Presentation Type

Presentation

Faculty Mentor’s Full Name

Peter McDonough

Faculty Mentor’s Department

Climate Change Studies

Abstract

Native Prairie Restoration

Water conservation is a continuously growing issue across Montana due to fewer days of summer rainfall and increasing temperatures year-round. Even though Missoula sits upon its own aquifer, as wintertime snow pack diminishes, so too does its surety of being fully replenished. One major source of water consumption is the traditional lawn. Kentucky bluegrass lawns are abundant on the University of Montana’s campus, using an estimated 1,246,000 gallons of water every time the turf is fully saturated. Removing even a small portion of lawn is an effective way to reduce water consumption.

The University of Montana Climate Solutions class has created a detailed plan to extend the Ethnobotany Garden surrounding the Payne Native American Center to the space north of the International Studies building by removing the lawn and replacing it with perennial, drought-tolerant native plants. We initially planned to execute this restoration in the spring of 2020, but have been forced to postpone due to campus closure and stay-at-home orders resulting from the current COVID-19 crisis. Once the pandemic passes, we will be planting Idaho Fescue, golden currants, arrowleaf balsamroot, chickweed, blanketflower, and several other native species.

Natural prairie restoration on campus will not only combat water waste, but also restore the natural habitat of the Missoula valley, promote native pollinators, and decrease emissions from lawn-mowing. Gas-powered lawn and garden equipment are a potent source of greenhouse gases and hazardous air pollutants including volatile organic compounds, carcinogenic exhaust, fine particulate matter, and criteria pollutants. Hundreds of pounds of pollutants are generated each year just to maintain UM’s lawns. Meanwhile, native xeriscaping requires no mowing and actually sequesters carbon instead. By restoring this space, we are cutting emissions and adapting to a changing climate while restoring Missoula’s cultural identity.

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Humanities

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Native Prairie Restoration on Campus

Native Prairie Restoration

Water conservation is a continuously growing issue across Montana due to fewer days of summer rainfall and increasing temperatures year-round. Even though Missoula sits upon its own aquifer, as wintertime snow pack diminishes, so too does its surety of being fully replenished. One major source of water consumption is the traditional lawn. Kentucky bluegrass lawns are abundant on the University of Montana’s campus, using an estimated 1,246,000 gallons of water every time the turf is fully saturated. Removing even a small portion of lawn is an effective way to reduce water consumption.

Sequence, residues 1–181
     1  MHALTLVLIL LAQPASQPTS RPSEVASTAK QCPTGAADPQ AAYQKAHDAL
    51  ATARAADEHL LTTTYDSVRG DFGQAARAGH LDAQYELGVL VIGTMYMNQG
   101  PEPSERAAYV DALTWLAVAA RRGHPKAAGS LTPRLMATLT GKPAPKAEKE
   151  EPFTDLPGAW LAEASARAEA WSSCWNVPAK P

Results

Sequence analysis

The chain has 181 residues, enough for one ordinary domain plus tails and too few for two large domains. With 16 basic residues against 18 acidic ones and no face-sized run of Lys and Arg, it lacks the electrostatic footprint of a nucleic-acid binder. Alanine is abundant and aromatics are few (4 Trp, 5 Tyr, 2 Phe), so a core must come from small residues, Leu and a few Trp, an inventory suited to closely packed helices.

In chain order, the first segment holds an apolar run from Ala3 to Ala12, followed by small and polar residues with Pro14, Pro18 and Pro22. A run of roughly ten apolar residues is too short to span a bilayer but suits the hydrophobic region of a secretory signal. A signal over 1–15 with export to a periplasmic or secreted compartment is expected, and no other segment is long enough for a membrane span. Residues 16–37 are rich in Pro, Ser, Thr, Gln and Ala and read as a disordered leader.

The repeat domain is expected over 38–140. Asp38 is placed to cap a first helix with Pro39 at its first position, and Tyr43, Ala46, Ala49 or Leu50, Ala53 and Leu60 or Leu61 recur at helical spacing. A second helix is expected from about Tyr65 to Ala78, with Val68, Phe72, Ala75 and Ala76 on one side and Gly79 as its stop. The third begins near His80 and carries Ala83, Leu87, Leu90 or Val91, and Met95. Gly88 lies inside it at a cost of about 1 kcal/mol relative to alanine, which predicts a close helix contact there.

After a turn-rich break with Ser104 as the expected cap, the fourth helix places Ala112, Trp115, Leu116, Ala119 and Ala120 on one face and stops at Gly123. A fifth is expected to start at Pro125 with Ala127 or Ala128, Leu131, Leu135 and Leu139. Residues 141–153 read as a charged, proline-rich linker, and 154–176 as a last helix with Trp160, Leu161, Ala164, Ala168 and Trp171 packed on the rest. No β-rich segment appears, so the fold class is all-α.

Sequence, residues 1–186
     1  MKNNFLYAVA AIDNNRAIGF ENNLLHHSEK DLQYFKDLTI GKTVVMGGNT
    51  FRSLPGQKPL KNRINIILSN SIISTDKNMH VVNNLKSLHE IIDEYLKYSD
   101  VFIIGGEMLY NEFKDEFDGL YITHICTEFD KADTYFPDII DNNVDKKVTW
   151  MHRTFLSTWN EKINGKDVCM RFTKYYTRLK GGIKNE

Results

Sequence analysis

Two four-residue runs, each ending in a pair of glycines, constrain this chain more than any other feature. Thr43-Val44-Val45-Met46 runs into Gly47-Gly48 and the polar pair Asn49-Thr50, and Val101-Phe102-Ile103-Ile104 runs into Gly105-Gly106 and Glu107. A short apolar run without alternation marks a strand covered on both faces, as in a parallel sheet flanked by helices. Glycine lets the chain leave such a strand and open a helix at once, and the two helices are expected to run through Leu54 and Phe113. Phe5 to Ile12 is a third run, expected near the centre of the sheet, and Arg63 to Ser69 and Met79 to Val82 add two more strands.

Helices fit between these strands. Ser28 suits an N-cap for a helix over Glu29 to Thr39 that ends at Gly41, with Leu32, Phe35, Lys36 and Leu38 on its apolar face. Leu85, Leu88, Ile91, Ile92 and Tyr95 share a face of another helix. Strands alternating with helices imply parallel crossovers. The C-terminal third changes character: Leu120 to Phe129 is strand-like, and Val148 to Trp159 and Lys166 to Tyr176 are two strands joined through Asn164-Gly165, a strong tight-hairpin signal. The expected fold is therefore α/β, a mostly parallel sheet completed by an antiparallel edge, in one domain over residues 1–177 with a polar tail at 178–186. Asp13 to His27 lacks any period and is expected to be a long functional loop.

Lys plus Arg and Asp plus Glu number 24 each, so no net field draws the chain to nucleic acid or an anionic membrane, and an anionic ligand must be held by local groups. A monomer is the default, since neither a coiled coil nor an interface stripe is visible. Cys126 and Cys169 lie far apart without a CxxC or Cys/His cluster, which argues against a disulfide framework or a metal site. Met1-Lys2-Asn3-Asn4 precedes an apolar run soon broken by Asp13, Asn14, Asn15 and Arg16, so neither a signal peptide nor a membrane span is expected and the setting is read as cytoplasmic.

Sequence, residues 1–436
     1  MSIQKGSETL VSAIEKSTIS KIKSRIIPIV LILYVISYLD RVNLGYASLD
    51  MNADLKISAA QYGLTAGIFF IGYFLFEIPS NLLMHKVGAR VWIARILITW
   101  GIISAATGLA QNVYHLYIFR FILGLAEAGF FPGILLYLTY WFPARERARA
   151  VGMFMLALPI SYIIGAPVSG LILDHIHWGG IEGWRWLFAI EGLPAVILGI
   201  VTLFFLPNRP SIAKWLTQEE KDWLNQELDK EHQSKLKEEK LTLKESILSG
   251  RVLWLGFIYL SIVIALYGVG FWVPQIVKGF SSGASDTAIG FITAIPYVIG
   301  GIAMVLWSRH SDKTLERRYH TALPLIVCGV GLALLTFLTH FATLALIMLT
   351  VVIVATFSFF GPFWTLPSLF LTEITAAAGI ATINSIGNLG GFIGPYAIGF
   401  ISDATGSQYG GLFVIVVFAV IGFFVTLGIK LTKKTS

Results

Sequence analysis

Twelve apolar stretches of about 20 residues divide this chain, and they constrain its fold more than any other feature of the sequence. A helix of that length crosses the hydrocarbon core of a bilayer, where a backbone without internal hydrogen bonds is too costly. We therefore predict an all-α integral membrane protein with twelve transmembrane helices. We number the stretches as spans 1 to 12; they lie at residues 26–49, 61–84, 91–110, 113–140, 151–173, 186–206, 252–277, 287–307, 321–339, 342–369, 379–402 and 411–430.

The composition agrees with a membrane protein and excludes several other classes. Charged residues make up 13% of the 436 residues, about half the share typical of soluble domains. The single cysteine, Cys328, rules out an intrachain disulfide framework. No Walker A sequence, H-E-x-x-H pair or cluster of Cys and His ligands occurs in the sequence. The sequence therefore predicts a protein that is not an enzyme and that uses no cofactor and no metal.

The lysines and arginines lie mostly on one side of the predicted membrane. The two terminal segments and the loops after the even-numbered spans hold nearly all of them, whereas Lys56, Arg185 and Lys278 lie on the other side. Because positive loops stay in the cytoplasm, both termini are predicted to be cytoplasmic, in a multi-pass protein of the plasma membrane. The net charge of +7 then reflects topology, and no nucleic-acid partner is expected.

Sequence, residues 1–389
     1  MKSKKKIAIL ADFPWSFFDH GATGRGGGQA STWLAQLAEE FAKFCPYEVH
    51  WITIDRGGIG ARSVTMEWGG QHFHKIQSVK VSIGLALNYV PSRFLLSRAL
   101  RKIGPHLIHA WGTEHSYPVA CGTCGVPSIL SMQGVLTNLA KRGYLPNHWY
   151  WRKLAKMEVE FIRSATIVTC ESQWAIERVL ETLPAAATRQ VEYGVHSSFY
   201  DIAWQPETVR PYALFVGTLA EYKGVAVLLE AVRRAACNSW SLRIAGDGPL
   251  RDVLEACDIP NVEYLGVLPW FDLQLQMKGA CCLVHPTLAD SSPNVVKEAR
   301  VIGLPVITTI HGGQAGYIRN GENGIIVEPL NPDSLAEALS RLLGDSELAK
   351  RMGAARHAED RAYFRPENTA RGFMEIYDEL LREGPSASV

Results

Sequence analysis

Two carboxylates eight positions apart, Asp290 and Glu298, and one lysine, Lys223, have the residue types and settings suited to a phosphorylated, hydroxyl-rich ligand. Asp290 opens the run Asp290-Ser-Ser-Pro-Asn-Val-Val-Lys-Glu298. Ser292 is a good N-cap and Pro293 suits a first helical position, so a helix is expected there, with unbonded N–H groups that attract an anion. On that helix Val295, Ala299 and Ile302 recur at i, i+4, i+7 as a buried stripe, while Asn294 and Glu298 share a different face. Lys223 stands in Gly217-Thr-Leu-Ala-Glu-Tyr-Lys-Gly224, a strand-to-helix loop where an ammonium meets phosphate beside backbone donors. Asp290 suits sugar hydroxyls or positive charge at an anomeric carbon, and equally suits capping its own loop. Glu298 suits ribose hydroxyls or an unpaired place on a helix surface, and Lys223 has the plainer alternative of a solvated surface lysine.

The University of Montana Climate Solutions class has created a detailed plan to extend the Ethnobotany Garden surrounding the Payne Native American Center to the space north of the International Studies building by removing the lawn and replacing it with perennial, drought-tolerant native plants. We initially planned to execute this restoration in the spring of 2020, but have been forced to postpone due to campus closure and stay-at-home orders resulting from the current COVID-19 crisis. Once the pandemic passes, we will be planting Idaho Fescue, golden currants, arrowleaf balsamroot, chickweed, blanketflower, and several other native species.

Natural prairie restoration on campus will not only combat water waste, but also restore the natural habitat of the Missoula valley, promote native pollinators, and decrease emissions from lawn-mowing. Gas-powered lawn and garden equipment are a potent source of greenhouse gases and hazardous air pollutants including volatile organic compounds, carcinogenic exhaust, fine particulate matter, and criteria pollutants. Hundreds of pounds of pollutants are generated each year just to maintain UM’s lawns. Meanwhile, native xeriscaping requires no mowing and actually sequesters carbon instead. By restoring this space, we are cutting emissions and adapting to a changing climate while restoring Missoula’s cultural identity.